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Eaton Adds Low-Speed Enhancements to Transmissions

September 22, 2015

The UltraShift Plus automated manual transmission. Photo: Eaton m-ultrashiftplus-1.jpg

Eaton has added two optional features to the company’s UltraShift Plus and Fuller Advantage automated manual transmissions designed to enhance low-speed maneuverability.

The new Urge to Move and Blended Pedal features improve low-speed handling in situations such as backing into a loading dock or maneuvering in a construction job site.

Urge to Move allows the vehicle to automatically start moving when the transmission is in gear and the service brakes are released. After the vehicle has launched it will creep at a constant speed while the engine is at idle without needing to apply the accelerator.

Blended Pedal lets a driver directly control clutch engagement at engine idle through accelerator positioning and enables movement at varying speeds. The feature allows for a finer level of control that was previously exclusive to manual transmissions, according to Eaton.

“Both Urge to Move and Blended Pedal allow for controlled motion, controlled discharge of payloads, and more controlled operation when launching the vehicle,” said Evan Vijithakumara, product strategy manager for Eaton.

The new features are enabled by an electronic clutch actuator which allows for smoother and more precise shifting at low speeds. The electronic actuator quickly pulls back the clutch bearings, disengages and re-engages the clutch to perform shifts regardless of engine rpm.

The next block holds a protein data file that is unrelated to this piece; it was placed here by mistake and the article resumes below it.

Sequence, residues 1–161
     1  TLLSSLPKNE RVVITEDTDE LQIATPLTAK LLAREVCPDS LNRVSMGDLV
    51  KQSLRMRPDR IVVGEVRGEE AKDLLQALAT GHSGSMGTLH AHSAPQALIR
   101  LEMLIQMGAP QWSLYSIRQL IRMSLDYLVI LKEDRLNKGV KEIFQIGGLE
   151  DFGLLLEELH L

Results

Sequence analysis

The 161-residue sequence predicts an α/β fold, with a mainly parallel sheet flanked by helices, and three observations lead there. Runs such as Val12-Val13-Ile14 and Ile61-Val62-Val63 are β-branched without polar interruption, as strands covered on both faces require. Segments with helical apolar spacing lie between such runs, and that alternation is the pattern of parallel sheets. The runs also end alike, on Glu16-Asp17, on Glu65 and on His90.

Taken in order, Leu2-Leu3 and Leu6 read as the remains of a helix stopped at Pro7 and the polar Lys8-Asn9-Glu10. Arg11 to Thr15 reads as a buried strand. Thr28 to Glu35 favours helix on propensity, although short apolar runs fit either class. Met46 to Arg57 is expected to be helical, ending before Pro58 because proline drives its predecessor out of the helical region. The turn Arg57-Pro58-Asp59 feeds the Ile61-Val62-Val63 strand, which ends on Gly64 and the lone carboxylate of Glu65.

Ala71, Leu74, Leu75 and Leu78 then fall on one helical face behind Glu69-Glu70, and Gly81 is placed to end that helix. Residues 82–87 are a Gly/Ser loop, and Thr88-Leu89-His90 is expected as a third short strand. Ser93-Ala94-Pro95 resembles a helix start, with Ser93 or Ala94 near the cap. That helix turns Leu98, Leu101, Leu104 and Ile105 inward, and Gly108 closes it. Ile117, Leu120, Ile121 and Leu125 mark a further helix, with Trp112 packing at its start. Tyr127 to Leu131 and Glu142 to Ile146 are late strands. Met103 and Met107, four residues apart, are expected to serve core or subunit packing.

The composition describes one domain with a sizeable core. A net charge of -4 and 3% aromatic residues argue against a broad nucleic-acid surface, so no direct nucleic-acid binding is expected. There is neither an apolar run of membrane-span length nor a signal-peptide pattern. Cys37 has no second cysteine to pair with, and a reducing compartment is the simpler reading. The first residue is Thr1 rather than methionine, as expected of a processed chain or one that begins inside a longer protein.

“The end result blends three-pedal operating performance at low speeds with all the benefits of our latest driver-friendly two-pedal automated technologies,” said Vijithakumara.

Both options are available for free and configurable with ServiceRanger 4 and will be available in the Standard and Professional packages by the end of the year. They are available on all models of UltraShift Plus transmissions and Fuller Advantage automated transmissions including the SmartAdvantage powertrain and the integrated powertrains from International and Paccar.


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Just to clarify the article, this isn't the dock thumping and pin thumping that everyone talks about. That was solved 5 years ago with the electric clutch in the first place. This is low speed torque control like we were talking about in the direct drive thread. It is hard to put in to words but urge to move is just like an automatic where it just starts going when you let off the brakes. You don't have to tip in to get it to clutch in like the old normal. It takes a bit to get used to if you are an old hand at the 2 pedal. I still forget and freak myself out every once in awhile.

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